Meniscus Tear Surgery

A torn meniscus is one of the most common types of knee injuries that affect nearly one million people in the United States every year. The meniscus is a fibrocartilage structure located between the thigh and shin bones that provides stability and shock protection to the knee. When a meniscus tears it can cause pain, instability, and swelling, and may require surgical treatment in order to fully heal. There are also different types of meniscus tears to be aware of that vary, depending on the impact and the severity of the tear and the symptoms that may be experienced. If you are experiencing sudden weakness or pain in the knee, Monterey Spine & Joint can diagnose if you have torn a meniscus and also offer the best treatment plan needed to provide a full recovery. 

What does the meniscus do?

The meniscus is a c-shaped cartilage-like structure that adds padding between the bones located in the knee joint. This pad performs multiple functions. First and foremost, the meniscus acts as a cushion that prevents the bones from grinding against one another, which can lead to damage. The meniscus also helps to evenly distribute the weight of your upper body across the knee joint when you stand up, walk, or run. With a torn or weakened meniscus, the weight can become unevenly distributed, which can then lead to discomfort or injury. 

Diagnosing a torn meniscus

If you are experiencing knee pain and think you might have a torn meniscus, your doctor will run an X-ray and MRI (magnetic resonance imaging) to determine the type of tear that you may have, as well as where it is located. The X-ray will first help to determine if there is any damage or fracturing of the bones around the knee joint that may be causing pain and discomfort. Your doctor will also ask about the nature of your discomfort during the course of a physical examination.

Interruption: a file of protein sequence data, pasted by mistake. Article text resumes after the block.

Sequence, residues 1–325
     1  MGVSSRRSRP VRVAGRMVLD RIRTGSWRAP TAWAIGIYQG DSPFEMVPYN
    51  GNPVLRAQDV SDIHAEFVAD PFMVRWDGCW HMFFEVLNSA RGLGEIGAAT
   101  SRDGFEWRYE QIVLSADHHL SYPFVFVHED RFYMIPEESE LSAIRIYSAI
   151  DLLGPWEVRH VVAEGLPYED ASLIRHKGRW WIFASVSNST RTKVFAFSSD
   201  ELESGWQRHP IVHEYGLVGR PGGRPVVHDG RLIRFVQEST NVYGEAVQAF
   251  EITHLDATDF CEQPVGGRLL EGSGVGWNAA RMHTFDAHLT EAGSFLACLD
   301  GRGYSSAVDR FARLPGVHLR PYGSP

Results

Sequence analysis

Symptoms of a meniscus tear

Symptoms of a torn meniscus usually involve pain directly in the knee. Typically, this pain will be felt on the inner or outer side of the knee but not around the kneecap. Depending on the severity of the tear, you may not experience any discomfort while performing normal functions like walking or standing. Rather, pain is often felt while turning or pivoting the knee when walking up stairs or getting out of a car, as two examples. Pain that’s felt when straightening the knee can also be a sign of a torn meniscus. 

Types of meniscus tears

There are two main types of meniscus tears that can occur. The first is a “traumatic” tear, which is often associated with a sports injury. The second is a “degenerative” (or “atraumatic”) tear, which is from wear and tear and occurs more commonly among older people. Studies have shown that there is a biological difference between traumatic and degenerative tears, as traumatic meniscus tears will show a higher inflammatory response. Your treatment will largely depend on the type and severity of the tear you have. 

Traumatic tears

Traumatic tears are most often caused by some type of sports injury which are the results of a hard and sudden twisting or jerking of the knee. Physical exercise that’s especially demanding, such as squatting, can also lead to a traumatic tear.

Degenerative tears

A degenerative meniscus tear is usually caused by age and wear and tear. Untreated degenerative meniscus tears are among the more common causes of arthritic knee pain in older adults. A degenerative tear can be harder to identify because it is more gradual, and will lead to increased pain over time. Some people may experience little-to-no pain at all, despite having experienced a degenerative meniscus tear. 

Some common causes of a degenerative meniscus tear may include: 

  • Tightness of the lower limb muscles
  • Obesity
  • Poor fitness or physical activity